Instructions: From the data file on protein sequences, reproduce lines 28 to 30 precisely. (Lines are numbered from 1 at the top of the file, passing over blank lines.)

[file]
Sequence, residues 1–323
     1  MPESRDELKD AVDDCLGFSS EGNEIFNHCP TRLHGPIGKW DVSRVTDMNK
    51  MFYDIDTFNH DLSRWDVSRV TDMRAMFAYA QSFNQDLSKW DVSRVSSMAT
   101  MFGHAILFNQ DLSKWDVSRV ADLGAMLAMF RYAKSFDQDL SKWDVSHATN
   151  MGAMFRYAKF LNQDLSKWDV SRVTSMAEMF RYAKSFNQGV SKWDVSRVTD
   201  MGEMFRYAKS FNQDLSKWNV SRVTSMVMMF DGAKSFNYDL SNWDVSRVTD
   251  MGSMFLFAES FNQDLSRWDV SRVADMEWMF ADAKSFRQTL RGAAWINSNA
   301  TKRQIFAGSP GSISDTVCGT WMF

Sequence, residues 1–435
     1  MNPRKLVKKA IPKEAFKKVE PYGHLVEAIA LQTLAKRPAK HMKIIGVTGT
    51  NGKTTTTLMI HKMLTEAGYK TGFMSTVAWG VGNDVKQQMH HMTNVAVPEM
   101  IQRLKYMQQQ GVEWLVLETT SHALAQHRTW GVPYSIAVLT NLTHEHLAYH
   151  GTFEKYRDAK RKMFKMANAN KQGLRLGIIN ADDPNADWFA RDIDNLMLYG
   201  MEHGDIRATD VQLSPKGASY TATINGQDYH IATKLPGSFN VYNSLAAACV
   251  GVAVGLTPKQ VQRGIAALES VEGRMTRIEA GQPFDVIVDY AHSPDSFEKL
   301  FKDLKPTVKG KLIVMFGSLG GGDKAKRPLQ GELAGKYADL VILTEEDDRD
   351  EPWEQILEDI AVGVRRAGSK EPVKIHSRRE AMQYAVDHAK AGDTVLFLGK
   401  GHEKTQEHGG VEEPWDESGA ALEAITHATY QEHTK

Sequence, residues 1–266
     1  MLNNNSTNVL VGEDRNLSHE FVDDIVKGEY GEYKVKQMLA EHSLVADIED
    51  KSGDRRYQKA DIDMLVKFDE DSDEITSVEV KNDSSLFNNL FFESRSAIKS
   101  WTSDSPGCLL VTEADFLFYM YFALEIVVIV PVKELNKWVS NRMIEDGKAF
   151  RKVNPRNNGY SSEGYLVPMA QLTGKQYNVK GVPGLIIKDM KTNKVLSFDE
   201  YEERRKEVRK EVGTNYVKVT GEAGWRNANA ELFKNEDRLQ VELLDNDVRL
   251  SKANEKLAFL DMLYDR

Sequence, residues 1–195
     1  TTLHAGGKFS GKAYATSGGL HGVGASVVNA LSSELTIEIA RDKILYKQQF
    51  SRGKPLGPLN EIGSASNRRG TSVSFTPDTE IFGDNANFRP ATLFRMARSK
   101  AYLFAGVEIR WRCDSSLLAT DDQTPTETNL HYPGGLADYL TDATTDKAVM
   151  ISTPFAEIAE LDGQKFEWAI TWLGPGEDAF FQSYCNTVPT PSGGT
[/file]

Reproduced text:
    51  SRGKPLGPLN EIGSASNRRG TSVSFTPDTE IFGDNANFRP ATLFRMARSK
   101  AYLFAGVEIR WRCDSSLLAT DDQTPTETNL HYPGGLADYL TDATTDKAVM
   151  ISTPFAEIAE LDGQKFEWAI TWLGPGEDAF FQSYCNTVPT PSGGT